Raffles (United Artists) (1930)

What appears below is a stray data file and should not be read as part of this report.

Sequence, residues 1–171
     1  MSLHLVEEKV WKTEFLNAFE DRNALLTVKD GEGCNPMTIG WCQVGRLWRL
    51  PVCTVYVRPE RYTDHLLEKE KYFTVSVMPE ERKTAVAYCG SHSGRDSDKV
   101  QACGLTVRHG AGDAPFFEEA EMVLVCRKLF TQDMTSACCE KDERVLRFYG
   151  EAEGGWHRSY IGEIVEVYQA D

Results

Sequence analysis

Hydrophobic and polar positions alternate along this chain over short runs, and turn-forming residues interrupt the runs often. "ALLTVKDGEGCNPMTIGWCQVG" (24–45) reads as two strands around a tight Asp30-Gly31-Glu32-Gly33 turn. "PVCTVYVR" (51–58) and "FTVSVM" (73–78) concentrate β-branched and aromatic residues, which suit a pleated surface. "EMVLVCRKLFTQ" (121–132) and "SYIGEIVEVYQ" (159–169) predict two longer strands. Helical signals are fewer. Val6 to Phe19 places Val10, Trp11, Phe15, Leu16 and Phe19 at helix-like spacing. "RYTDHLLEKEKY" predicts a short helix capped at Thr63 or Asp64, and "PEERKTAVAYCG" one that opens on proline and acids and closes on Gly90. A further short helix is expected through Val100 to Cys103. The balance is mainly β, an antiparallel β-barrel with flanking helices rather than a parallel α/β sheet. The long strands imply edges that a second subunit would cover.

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7 he Most Fascinating I Fiction in the Peak Adren — Raffles Vibrates wi PHOTOPLAY EDITION One of the foremost publishing houses in the book business has prepared an at¬ tractive popular edition of E. W. Hornung's famous story, which is to be sold nationally by book stores, druggists, railroad stations, etc. A particularly effective sales cam¬ paign has been gotten up to put over this novelization with special banners and ad¬ vertising matter. Mr. Goldwyn has written an interesting foreword to the book telling of the glamor of "Raffles" and his motion picture counterpart, which will make an ideal lobby or win¬ dow display sign in advance of the picture. For display purposes, the handsomely col¬ ored jacket reproduced below is of exceptional value. Arrange to have local book shops and other stores selling the book give over windows to attractive exhibits . made up of numerous copies. Communicate with the publishers, Grosset & Dunlap; they are eager to cooperate. x ^ GROSSET & DUNLAP 1140 Broadway N. Y. C. Illustrated with scenes from thephotopl A SAMUEL GOLDWYN PRODUCTION Si urn tm RONALD COIMAN RONALD COLMAN, star of "RAFFLES' Program Copy.. 2b—Thumbnail star sketch [On Mat with One Col. Star Scene Head 05c; Cuts each 30c) Ronald Colman is "Raffles," a daring gen¬ tleman genius of crime, in his latest screen adventure to be seen at the. theatre on. Here is a Ronald Colman to thrill you, amaze you, delight you. Smart and courageous was his "Bulldog Drummond;" gay, alert, cunning, his racketeer portrayal in "Con^ demned!" — in "Raffles" he is all this and more. Dynamic, suave, fascinating, inexplicable, his "Raffles" is a constant source of wonder and merriment. Here is a modern day "Dr. Jekyll and Mr. Hyde." Beneath the suave and calm exterior of this underworld gallant throbs a reckless heart, bursting with a love of adventure and romance. Dowagers and jewels are imperilled by his presence. But when he falls in love he falls out with larceny and his dangers begin. In "Raffles," Ronald Colman will entertain you as you have never been enter¬ tained before. Exciting, enthralling, you will find it a dramatic revelation of thrills, surprises, and ecstatic romance. "Raffles" is a tonic of invigorating amusement for everyone. See it and be exhilarated! t; i The "Safe"' Angle Build a huge compo board safe around a truck and send it through town as a ballyhoo. On each of the gray sides of the display, exhibit poster cut-out heads of Ronald Colman. Tie-up the float with copy reading "It's a safe bet you're going to have the time of your life watching Ronald Colman, etc." Another way of attracting attention is to place a safe on display in your lobby and offer free admissions and prizes to anyone who can figure out the combination. Arrangements for this stunt can be made with your local safe dealer. If a safe is not available, build one of compo-board and have ymj.r local hardware dealer provide a padlock for the contraption. Distribute skeleton and master keys along with instructions that free admissions will be given all those whose keys open the safe. Supply a limited number of master keys. Or use a combination lock. The Well Dressed Man RAFFLES wasn't like other crooks. He lived well, played well, danced well, talked well, ate well, — but most important, he DRESSED WELL. He was a gentleman, of course, but more im¬ portant, he DRESSED the part. Get a department store, men's clothing house, etc., to use Ronald Colman and "Raffles" as part of a Fall Campaign for THE BETTER DRESSED MAN. If several department stores can be joined in a campaign for THE WELL DRESSED MAN, it should be easy to get expressions of opinion by local leaders of thought on the value of an ap¬ pearance. In the publicity section, of this press- book, a signed story by Ronald Colman will be found, expressing his opinion on what clothes are required by a well groomed man. Pictures of Colman in full evening dress, street clothes, sport outfit, etc., would be featured in window displays, ads, etc. In a contest conducted by the theatre, a store might offer a full dress outfit. This outfit could be along the lines of who is the best dressed man in town, the best groomed bank clerk, salesman, etc. Or it could serve as the award for an essay contest. PAGE FOUR